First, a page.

Wounded Warrior Project commits $10 million to helping veterans impacted by coronavirus pandemic
JACKSONVILLE, Fla. - The Wounded Warrior Project, an organization that works to help wounded veterans of the military, stated that they are committing $10 million to help meet the immediate needs of veterans who are in a financial crisis due to the coronavirus pandemic.
The organization said that they are reaching out to all its registered warriors to identify those who are in financial distress due to the loss of household income because of the ongoing pandemic. Those who are unable to meet their food or shelter needs can apply for emergency funds. $1,000 will be granted to those who qualify.
"These are unprecedented times, and we must do all we can to meet the immediate financial needs of wounded warriors and their families," said Lt. Gen. (Ret.) Mike Linnington, the CEO of the Wounded Warrior Project. "Due to their injuries and service-connected disabilities, our nation's wounded and injured veterans are at great risk. Many are coping with a weakened immune system, increased isolation, and financial hardship."
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The Wounded Warrior Project said that they want to encourage other companies and foundations to join their efforts to support veterans by matching the $10 million commitment.
"We will do all we can to help these warriors and their families through these immensely challenging times and offer opportunities of assistance for companies and foundations to match our commitment of $10 million so we can extend this help to more warriors in need," Linnington added. "We cannot do this alone, as the pandemic is greater than any one organization's ability to meet the vast demand. We call on others to assist so we may help as many warriors and their families in crisis as possible in this difficult time."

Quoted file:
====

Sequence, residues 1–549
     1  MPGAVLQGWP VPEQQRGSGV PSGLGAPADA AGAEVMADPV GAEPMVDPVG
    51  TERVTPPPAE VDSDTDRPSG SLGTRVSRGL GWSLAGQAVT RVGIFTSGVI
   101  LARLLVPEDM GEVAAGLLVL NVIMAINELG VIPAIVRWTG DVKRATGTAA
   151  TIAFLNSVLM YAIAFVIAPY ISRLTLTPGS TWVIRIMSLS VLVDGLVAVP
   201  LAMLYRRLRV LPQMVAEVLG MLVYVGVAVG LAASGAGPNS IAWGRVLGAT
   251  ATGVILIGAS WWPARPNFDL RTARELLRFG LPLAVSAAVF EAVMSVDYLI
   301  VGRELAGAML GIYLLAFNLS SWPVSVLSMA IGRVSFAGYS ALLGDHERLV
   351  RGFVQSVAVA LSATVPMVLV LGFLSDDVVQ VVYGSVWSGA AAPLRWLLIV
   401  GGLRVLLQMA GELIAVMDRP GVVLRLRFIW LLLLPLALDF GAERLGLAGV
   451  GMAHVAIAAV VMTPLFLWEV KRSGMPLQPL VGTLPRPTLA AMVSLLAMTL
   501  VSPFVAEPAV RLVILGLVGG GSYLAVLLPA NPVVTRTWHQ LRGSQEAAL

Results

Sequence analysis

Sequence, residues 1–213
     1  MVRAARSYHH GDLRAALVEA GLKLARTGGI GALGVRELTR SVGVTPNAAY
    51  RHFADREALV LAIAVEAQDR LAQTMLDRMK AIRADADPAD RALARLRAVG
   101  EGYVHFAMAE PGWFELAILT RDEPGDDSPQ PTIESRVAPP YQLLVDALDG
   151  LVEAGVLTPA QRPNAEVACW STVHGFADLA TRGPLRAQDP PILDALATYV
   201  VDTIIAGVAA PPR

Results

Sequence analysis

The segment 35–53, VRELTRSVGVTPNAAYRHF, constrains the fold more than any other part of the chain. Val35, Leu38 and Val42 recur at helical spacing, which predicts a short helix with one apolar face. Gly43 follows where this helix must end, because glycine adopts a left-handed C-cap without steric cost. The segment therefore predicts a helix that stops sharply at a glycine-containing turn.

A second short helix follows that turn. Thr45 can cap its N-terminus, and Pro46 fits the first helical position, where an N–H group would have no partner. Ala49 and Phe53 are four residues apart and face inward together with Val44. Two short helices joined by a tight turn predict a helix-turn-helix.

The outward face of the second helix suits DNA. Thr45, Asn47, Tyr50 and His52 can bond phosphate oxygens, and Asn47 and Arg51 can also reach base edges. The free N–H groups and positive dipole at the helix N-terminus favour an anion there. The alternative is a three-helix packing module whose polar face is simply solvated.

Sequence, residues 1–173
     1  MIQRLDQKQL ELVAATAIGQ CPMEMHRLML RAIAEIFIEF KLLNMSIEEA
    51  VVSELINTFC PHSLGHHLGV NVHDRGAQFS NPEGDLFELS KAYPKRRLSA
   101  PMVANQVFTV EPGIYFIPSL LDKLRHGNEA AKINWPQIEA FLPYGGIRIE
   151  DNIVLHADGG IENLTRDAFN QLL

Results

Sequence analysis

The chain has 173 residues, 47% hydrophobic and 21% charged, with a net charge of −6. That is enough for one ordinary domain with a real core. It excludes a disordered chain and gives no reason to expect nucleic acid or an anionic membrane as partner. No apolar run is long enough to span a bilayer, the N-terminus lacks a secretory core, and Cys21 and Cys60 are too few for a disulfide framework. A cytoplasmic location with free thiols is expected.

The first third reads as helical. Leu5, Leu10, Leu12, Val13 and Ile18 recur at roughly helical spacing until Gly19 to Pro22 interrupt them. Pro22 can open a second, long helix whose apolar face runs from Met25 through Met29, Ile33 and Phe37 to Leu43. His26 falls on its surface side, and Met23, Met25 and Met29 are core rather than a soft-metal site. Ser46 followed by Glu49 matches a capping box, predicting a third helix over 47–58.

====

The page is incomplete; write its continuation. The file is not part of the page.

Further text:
The Wounded Warrior Project asked that only veterans who absolutely need financial assistance apply. Not all veterans will qualify.
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"We know we are not going to be able to give every warrior financial assistance," Linnington said. "Our goal is to do as much good as we can with the $10 million for those with the greatest need. If we can double the $10 million with the help of corporate partners and foundations, we can extend this aid. Additionally, if we are unable to provide direct financial aid, warriors can and should take advantage of the free Wounded Warrior Project programs focused on improving their mental, physical, and financial health."
Visit the Wounded Warrior Project website for more information.
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